I’ve represented a decent number of people who have been accused of fraud.

Some folks who are accused of fraud are really truly unambiguously guilty. They were presented with an open cookie jar, they thought no one was looking, and they took a cookie (metaphorically). They were presented with a morality test and they just didn’t pass.

Like Glenn Frey teaches us in Smuggler’s Blues, “It’s the lure of easy money; it’s got a very strong appeal.”

Other cases have a lot more nuance.

Most federal prosecutors, I find, tend to see cases as not terribly nuanced. They tend to think that each case is a morality test. Once you get the facts figured out, for the typical AUSA, the moral judgments follow pretty quickly.

My sense, though, is that the world is almost always less clear and clean, even when you have all the facts.

With that background, I read with interest James Surowiecki’s piece — “Do the Hustle” — in the New Yorker a few weeks ago about America and its con men.  (And, yeah, I know, it was a few weeks ago. You finish the New Yorker right when it comes out? I didn’t think so.).

What does the con man tell us about America?

Surowiecki writes about con men and why we love them. We celebrate them with The Wolf of Wall Street and American Hustle. Con men have been with us since before the Civil War.

As he writes:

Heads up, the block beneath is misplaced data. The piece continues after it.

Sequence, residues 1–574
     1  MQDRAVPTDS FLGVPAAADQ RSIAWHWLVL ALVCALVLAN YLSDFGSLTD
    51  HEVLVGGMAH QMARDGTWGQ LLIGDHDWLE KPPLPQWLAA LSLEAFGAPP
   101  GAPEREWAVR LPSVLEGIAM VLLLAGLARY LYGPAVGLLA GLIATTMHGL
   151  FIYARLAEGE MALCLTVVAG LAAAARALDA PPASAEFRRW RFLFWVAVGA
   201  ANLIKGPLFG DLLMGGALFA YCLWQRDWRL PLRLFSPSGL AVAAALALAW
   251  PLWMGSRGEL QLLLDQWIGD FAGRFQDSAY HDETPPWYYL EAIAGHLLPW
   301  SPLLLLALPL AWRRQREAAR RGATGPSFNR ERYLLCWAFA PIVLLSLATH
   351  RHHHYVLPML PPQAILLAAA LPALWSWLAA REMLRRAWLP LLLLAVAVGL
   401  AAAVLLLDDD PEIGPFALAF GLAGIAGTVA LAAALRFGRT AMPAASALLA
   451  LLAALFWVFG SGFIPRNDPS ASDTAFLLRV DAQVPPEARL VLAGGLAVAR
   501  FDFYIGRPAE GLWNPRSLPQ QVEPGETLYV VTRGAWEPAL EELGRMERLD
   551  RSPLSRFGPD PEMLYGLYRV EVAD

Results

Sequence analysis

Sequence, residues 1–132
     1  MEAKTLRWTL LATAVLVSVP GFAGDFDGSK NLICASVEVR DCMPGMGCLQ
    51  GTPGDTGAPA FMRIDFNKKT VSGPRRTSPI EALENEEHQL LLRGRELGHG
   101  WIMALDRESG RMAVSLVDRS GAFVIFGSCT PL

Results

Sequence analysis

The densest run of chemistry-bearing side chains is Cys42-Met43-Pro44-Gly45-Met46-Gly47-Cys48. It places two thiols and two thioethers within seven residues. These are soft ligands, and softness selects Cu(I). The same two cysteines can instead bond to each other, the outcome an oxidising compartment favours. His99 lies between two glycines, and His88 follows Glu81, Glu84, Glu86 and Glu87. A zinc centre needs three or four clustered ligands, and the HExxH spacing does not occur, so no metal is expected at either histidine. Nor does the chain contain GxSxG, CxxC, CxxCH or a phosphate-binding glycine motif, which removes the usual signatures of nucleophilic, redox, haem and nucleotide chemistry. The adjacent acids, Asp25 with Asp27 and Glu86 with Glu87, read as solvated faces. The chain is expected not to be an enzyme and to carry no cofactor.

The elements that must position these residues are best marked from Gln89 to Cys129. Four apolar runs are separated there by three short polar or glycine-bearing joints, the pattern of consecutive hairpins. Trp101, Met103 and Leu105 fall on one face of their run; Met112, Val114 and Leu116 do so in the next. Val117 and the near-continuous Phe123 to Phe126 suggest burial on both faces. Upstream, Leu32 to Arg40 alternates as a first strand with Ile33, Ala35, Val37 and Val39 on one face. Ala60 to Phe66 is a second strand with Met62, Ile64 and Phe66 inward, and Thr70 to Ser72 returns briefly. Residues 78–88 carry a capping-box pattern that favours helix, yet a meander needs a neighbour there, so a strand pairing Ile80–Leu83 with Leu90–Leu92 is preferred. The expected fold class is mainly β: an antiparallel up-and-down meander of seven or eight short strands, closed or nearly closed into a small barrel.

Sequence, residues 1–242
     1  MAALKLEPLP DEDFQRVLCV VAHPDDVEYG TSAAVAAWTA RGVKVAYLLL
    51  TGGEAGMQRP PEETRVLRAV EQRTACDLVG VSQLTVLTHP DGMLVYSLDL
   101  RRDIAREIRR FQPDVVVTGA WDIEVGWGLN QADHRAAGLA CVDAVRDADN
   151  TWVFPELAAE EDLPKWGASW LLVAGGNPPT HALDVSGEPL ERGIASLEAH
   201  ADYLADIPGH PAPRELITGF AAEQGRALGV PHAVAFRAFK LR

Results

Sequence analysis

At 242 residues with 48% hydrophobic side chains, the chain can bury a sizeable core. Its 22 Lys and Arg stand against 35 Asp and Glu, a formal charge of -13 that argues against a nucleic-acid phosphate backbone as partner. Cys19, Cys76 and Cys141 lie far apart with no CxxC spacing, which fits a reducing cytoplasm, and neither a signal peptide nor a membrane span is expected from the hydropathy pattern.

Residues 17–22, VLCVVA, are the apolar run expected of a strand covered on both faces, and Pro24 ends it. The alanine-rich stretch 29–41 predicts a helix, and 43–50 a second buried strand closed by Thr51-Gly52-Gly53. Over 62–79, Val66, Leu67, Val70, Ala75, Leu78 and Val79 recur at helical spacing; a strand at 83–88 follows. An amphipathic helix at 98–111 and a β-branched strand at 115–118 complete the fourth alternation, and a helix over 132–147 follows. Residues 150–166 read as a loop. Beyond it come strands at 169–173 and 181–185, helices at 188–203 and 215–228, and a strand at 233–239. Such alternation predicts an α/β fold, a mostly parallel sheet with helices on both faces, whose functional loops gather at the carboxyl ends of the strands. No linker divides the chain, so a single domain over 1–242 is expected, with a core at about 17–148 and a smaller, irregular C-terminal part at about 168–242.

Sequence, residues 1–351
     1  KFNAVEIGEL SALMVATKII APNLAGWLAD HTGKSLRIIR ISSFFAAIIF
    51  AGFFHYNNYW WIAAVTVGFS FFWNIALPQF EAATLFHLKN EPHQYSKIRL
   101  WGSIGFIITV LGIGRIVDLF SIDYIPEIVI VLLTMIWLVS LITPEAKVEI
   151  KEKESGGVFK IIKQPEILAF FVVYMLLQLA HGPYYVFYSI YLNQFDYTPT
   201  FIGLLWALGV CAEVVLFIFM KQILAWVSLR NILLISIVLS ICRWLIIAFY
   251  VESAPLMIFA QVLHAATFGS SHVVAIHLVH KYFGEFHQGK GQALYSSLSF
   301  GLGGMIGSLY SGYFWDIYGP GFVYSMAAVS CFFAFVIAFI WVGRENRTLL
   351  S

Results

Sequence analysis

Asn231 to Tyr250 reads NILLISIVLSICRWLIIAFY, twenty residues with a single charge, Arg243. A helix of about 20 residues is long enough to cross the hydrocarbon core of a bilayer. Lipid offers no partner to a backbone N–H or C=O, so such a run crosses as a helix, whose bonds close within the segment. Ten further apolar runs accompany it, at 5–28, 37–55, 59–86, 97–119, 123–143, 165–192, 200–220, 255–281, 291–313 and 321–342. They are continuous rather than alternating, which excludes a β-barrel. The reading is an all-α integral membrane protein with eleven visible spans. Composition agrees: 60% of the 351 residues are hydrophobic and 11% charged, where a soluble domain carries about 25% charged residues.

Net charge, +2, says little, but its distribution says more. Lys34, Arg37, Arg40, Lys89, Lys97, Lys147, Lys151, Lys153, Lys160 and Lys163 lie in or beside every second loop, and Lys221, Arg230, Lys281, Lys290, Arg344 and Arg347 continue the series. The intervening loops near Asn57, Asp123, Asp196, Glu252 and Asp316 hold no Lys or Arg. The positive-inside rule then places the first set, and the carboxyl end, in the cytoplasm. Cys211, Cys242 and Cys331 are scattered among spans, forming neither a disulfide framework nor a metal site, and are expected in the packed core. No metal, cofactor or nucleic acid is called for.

It seems that con artists, for all their vices, represent many of the virtues that Americans aspire to. Con artists are independent and typically self-made. They don’t have to kowtow to a boss—no small thing in a country in which people have always longed to strike out on their own. They succeed or fail based on their wits. They exemplify, in short, the complicated nature of American capitalism, which . . . has depended on people being hustlers in both the positive and the negative sense. The American economy wasn’t built just on good ideas and hard work. It was also built on hope and hype.

These are not, I think, the typical characteristics of the kind of person who becomes a federal prosecutor. While a con man may have no boss to kowtow to, the average AUSA has layers of hierarchical bureaucracy to work through – one boss simply wouldn’t be enough.

Federal prosecutors succeed or fail less on their wits than on the months of wiretaps they’ve requested, or the mountain of government resources they’ve marshaled.

AUSAs are not hustlers, in any sense.

One can see how AUSAs poorly understand hustlers. And, as someone who has spent a lot of time explaining the motives and world view of AUSAs to accused hustlers, it’s not often that con men understand the people trying to put them in prison.

But what if a little hustle is necessary to make Americans great?

Surowiecki makes some nice points about how blurry the lines between capitalist and crook can be: